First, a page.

Karla is also a proud member of Robinson+Cole’s Pro Bono Committee and is dedicated to maintaining pro bono work as part of her practice. Her pro bono clients include individuals and families seeking asylum in the United States. She has also represented nonprofit organizations in obtaining tax-exempt status and has served as legal counsel in a zoning appeal for a nonprofit association created to support and protect a national park.

Photo of Dwight Merriam Dwight Merriam

Dwight H. Merriam founded Robinson+Cole’s Land Use Group in 1978. He represents land owners, developers, governments and individuals in land use matters, with a focus on defending governments in RLUIPA cases. Dwight is a Fellow and Past President of the American Institute of…

Dwight H. Merriam founded Robinson+Cole’s Land Use Group in 1978. He represents land owners, developers, governments and individuals in land use matters, with a focus on defending governments in RLUIPA cases. Dwight is a Fellow and Past President of the American Institute of Certified Planners, a former Director of the American Planning Association (APA), a former chair of APA’s Planning and Law Division, Immediate Past Chair of the American Bar Association’s Section of State and Local Government Law, Chair of the Institute of Local Government Studies at the Center for American and International Law, a Fellow of the Royal Institution of Chartered Surveyors, a Fellow of the American Bar Foundation, a member of the Rocky Mountain Land Use Institute National Advisory Board, a Fellow of the Connecticut Bar Foundation, a Counselor of Real Estate, a member of the Anglo-American Real Property Institute, and a Fellow of the American College of Real Estate Lawyers.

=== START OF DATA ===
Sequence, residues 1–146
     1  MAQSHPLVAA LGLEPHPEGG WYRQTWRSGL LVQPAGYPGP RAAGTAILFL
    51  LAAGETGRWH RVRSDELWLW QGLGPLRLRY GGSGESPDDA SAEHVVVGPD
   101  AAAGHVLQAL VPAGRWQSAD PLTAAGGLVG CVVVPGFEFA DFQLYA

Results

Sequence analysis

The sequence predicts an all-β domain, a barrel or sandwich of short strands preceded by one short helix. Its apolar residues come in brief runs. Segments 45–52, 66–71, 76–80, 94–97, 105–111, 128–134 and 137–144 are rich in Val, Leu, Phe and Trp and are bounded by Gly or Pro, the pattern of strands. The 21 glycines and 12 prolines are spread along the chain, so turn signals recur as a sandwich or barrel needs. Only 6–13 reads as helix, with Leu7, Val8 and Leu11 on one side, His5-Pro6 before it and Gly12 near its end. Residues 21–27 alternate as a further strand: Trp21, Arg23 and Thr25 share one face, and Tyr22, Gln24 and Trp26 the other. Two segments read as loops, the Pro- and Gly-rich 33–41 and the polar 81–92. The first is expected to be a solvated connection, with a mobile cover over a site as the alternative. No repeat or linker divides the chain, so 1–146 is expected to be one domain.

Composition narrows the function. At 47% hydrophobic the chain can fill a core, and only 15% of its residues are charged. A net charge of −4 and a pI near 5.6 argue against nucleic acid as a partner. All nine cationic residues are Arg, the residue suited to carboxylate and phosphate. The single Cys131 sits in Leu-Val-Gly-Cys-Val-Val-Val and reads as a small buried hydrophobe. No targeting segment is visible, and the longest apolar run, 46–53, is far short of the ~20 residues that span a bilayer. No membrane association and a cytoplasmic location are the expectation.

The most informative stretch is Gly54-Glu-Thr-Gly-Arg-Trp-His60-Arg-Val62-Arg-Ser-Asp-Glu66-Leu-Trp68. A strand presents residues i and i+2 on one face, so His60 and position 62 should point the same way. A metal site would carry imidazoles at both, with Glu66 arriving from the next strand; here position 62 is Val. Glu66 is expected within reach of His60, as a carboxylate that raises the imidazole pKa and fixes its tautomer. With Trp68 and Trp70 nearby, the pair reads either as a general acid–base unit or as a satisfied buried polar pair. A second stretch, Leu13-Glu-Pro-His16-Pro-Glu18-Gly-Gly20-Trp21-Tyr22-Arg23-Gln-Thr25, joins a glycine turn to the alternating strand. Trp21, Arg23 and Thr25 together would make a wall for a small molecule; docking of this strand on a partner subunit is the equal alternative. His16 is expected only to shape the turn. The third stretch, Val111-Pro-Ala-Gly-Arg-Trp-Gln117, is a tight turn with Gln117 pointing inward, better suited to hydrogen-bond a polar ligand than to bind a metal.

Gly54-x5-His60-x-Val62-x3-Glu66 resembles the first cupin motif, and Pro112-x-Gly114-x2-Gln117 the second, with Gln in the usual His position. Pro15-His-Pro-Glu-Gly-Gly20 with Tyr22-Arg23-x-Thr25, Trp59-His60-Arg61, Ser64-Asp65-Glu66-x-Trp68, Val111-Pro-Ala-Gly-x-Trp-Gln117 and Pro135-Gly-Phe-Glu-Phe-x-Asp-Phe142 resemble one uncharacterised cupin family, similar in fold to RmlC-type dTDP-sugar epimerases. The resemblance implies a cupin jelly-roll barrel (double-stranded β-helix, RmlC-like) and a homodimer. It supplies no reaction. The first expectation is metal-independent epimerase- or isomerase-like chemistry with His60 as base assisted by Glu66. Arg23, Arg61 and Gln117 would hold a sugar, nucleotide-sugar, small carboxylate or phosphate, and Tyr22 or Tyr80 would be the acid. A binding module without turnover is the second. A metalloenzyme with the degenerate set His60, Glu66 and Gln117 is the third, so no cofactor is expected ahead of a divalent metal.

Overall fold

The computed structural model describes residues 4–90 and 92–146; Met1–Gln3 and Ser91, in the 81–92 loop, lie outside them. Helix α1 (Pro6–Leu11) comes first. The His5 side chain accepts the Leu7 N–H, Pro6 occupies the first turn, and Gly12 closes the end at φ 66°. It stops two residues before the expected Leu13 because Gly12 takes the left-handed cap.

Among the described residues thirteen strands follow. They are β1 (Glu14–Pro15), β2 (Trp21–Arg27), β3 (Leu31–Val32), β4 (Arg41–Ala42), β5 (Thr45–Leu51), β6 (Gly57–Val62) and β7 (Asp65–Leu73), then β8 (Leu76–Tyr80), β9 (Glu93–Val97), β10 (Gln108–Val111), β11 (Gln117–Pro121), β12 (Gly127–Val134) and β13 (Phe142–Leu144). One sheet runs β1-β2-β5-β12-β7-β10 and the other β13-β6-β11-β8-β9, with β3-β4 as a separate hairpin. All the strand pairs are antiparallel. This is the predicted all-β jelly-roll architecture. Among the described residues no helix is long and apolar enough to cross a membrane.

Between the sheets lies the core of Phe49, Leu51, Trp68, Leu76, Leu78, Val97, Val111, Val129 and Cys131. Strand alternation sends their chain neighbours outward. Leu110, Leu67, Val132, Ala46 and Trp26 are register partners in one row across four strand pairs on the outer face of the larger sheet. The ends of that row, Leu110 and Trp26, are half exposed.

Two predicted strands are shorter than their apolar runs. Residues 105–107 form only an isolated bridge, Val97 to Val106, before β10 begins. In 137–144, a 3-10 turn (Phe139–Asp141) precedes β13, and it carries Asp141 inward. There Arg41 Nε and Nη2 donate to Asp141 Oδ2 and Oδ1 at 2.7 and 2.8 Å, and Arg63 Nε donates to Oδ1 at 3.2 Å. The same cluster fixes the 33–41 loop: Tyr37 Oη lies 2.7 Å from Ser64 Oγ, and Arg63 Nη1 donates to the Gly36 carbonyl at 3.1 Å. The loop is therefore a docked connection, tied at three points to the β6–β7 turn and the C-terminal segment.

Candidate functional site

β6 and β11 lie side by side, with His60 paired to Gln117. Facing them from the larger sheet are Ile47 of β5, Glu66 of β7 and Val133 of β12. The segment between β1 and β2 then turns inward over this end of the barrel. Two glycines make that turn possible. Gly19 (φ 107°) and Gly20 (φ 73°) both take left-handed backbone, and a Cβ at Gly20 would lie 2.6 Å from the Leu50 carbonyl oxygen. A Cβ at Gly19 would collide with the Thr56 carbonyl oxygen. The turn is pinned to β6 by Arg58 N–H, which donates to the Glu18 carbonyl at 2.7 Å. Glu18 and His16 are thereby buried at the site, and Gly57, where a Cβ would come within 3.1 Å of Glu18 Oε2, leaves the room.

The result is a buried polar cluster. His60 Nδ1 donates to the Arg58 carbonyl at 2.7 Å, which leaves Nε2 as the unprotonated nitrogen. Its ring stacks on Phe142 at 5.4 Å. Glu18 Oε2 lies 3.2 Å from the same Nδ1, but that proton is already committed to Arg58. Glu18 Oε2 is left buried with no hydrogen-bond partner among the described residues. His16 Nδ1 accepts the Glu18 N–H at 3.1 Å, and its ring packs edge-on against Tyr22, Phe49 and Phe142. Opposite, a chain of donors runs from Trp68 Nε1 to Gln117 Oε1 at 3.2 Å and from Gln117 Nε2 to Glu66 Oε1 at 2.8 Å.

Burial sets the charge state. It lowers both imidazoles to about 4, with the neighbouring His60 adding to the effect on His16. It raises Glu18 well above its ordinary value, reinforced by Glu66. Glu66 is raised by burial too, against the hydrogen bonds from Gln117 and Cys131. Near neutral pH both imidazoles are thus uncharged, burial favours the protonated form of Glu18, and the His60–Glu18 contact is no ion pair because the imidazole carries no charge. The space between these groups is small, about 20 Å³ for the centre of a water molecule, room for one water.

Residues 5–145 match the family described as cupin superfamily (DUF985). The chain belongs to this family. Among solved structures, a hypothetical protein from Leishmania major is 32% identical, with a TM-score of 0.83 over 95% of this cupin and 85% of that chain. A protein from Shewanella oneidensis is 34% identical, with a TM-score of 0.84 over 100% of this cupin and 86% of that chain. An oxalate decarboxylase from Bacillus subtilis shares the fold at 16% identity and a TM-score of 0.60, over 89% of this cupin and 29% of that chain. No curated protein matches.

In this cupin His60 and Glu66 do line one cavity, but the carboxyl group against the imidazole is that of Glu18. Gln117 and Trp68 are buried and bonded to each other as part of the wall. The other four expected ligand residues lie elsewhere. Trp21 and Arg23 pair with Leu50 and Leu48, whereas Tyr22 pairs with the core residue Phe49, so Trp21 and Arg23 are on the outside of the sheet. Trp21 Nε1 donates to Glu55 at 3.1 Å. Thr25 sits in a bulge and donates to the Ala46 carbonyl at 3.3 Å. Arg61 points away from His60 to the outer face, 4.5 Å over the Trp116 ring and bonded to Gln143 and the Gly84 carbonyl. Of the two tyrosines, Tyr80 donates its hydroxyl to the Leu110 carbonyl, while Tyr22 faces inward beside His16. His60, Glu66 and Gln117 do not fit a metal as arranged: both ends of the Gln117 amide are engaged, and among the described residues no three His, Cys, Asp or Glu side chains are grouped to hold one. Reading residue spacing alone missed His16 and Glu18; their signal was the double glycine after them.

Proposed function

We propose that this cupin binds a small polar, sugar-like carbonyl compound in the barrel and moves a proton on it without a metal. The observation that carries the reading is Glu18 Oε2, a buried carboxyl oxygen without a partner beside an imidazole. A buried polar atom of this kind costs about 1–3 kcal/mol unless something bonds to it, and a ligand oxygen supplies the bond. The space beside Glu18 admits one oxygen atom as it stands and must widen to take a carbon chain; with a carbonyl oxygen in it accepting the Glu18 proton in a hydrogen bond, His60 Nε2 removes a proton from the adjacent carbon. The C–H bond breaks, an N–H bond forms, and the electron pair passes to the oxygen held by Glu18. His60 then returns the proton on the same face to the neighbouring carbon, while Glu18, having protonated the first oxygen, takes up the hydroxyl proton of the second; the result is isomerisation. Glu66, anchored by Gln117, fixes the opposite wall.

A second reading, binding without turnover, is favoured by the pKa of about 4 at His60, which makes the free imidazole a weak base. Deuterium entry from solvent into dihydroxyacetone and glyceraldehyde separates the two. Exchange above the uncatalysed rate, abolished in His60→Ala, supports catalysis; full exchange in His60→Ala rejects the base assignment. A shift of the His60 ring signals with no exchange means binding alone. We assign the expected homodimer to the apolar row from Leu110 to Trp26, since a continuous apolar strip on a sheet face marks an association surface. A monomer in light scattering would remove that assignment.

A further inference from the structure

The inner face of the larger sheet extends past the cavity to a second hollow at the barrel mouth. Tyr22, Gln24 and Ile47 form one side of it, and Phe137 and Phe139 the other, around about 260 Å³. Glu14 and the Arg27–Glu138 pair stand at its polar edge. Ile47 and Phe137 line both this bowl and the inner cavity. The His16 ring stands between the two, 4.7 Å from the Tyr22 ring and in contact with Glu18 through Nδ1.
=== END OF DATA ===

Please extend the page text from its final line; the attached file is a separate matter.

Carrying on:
He teaches land use law at the University of Connecticut School of Law and at Vermont Law School and has published over 200 articles and eight books, including Inclusionary Zoning Moves Downtown, The Takings Issue, The Complete Guide to Zoning, and Eminent Domain Use and Abuse: Kelo in Context. He is the senior co-author of the leading casebook on land use law, Planning and Control of Land Development (Eighth Edition). Dwight has written and spoken widely on how to avoid RLUIPA claims and how to successfully defend against them in court. He is currently writing a book on the subject, RLUIPA DEFENSE, for the American Bar Association.